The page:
Racing affair 

Rachel Toor runs into a memoir

On the third day of the Himalayan 100-mile Stage Race and Mount Everest Challenge Marathon, Rachel Toor—who went on to win the event—reveals a truism about her fellow competitors: “Runners whine…it is one of the things that make us least appealing, us runners, this blinkered self-absorption.”

As a runner myself—albeit a fledging one—I can accede to this judgment. That people running 100-mile races, on trails that weave up and down the tallest mountains in the world, should probably be allowed a little whining, is beside the point. What’s exactly the point is that self-absorption—or, at the very least, self-reflection—is the very foundation of memoir.

Toor’s new book, Personal Record: A Love Affair with Running, is the latest among a virtual series of books about running. Recently, we’ve seen Haruki Murakami’s What I Talk About When I Talk About Running and, just this week, New York Times sportswriter Liz Robbins writes about the New York City Marathon in her new book, A Race Like No Other.

Toor’s latest also marks another growing literary trend (though not necessarily a new one): the memoir of pastime. Now that most memoirists have strip-mined the field of family dysfunction, we can look forward to memoirs that are, arguably, more interesting. These memoirs are often records—romances, of a sort—of an individual’s resistance to, acceptance of and ultimate embrace of a diversion, like running or fishing or biking, that gradually grows from simple pastime to life-sustaining passion.

Structured as a series of 26.2 stand-alone chapters—the “.2” represents a fluidly written acknowledgments “chapter”—Personal Record traces Toor’s history with running. It begins with her bookish, non-running days as a Yale undergrad and her introduction to running at the age of 30 from a boyfriend who ran every day after work with her dog (“I grew jealous of their time together, and began to feel left out.”). Then there’s her evolution into a full-fledged runner of marathons, ultramarathons (any race longer than 26.2 miles), and scores of other kinds of races, including a relentless little thing called the Ride and Tie, which combines 30 or 40 miles of long distance running and horse racing.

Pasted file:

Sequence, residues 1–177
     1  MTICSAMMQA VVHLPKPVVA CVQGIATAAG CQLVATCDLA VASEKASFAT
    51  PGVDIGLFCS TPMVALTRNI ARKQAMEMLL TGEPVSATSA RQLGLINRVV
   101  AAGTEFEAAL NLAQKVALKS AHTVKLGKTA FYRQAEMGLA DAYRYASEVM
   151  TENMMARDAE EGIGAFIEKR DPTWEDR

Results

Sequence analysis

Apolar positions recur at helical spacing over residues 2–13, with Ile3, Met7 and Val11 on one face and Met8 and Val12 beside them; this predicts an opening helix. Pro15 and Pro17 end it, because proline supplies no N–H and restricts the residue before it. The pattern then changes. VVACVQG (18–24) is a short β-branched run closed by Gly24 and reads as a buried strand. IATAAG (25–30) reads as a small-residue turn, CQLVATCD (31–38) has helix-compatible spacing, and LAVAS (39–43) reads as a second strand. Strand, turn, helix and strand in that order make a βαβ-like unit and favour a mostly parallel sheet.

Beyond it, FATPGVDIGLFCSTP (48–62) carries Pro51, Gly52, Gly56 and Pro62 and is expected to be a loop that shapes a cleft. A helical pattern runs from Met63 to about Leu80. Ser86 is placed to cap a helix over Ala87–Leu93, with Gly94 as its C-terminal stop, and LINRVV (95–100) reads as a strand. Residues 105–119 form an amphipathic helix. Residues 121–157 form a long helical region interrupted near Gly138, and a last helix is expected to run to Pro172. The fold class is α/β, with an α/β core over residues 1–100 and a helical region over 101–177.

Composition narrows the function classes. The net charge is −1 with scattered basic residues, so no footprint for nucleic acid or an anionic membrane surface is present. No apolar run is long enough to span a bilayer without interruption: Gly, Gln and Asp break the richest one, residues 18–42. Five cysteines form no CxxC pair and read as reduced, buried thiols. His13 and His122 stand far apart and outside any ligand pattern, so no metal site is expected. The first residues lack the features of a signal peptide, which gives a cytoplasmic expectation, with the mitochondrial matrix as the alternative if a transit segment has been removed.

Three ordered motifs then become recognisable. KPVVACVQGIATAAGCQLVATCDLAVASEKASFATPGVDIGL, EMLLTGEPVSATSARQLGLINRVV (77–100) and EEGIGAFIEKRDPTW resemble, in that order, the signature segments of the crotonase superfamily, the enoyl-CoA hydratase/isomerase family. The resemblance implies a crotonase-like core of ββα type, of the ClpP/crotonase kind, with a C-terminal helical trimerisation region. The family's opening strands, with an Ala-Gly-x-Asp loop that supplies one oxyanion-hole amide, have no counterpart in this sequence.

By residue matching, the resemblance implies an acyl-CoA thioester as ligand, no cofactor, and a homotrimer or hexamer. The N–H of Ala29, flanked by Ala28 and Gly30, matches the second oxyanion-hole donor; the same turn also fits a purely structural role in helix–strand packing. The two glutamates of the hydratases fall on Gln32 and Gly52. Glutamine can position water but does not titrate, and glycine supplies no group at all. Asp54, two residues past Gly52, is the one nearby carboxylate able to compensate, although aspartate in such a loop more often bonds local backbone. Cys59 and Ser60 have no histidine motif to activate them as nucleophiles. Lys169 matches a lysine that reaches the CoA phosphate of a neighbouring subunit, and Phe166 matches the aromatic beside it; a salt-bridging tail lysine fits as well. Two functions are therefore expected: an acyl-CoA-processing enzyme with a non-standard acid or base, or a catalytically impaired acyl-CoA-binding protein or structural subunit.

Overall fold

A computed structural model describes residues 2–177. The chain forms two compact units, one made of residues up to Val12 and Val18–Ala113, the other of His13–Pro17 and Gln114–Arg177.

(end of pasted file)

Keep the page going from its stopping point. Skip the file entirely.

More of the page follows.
While the structure of Toor’s slim memoir may seem to indicate a tidy relationship with the sport, the reality is that the impact of running on Toor’s life is intense and all-encompassing. Certainly not an obsession, yet far more than a mere hobby, running, for Toor, is as audacious as a jealous lover. It demands time, strength, endurance and, most importantly, love: “During long races, you think about something for a while...And then, the mind goes its own way—slowing down, wandering more freely, giving itself over to the body, and finally, ultimately, to the heart.”

The comparison to an affair of the heart is not strictly metaphorical. Early chapters that elucidate the complexities of even the simplest of runners’ clothing (Gore-Tex and Tyvek and over-the-head bras, oh my!) give way to chapters that reveal the intimacies between runners who train together. Sure, running can be solitary, but rather than re-hashing the quasi-philosophical stereotype of the long-distance runner, Toor pushes past that cliché to highlight the romances that can develop. “Running with another person is an intimate activity…,” she writes. “It’s hard to keep the heart uninvolved.” There was the fast, young (and married) man whose speed and perseverance was, apparently, the embodiment of the Knight Rider on cross-trainers. Eventually, she had to stop training with him (“I still think about him. Still carry him with me, years later now, at every race.”). Then there was the man at the Himalayan race (also married) with whom only one chaste kiss was shared (“Was it simply the recognition that we were both runners, both writers, and that we saw something of ourselves in each other?”). And then there was an actual boyfriend, a man who wasn’t a runner (“Was I lying when I said that it didn’t matter that he wasn’t a runner?…Could running be beside the point?…How much can you expect a partner to share?”).

In only one circumstance does Toor fail to surpass expectations. Though she openly admits her preference to train with men instead of women, at least one circumstance illustrates how such a preference may appear condescending. While trying to pace a first-time marathoner to the finish of the NYC Marathon, Toor prods the woman for her goal time. When the woman responds that her goal is merely to finish, Toor writes, “Of course that’s what she said. She’s a woman.” Although later Toor goes to great lengths to discuss the joys of pacing, the not insubstantial task of helping other people meet their goals, one can’t help but hear an echo of the patronizing tone from the earlier anecdote.

Overall, though, Toor’s inescapable honesty and reflection is handled with acuity and written with precision. Sure, runners may be self-absorbed—it’s not a team sport, after all—but Toor’s concise personal narrative of a “pretentious little intellectual” turned ultramarathoner is as absorbing to the reader as it is to the runner.

Rachel Toor reads from her book Personal Record: A Love Affair with Running at Shakespeare & Co. Tuesday, Oct. 14, at 7:30 PM.
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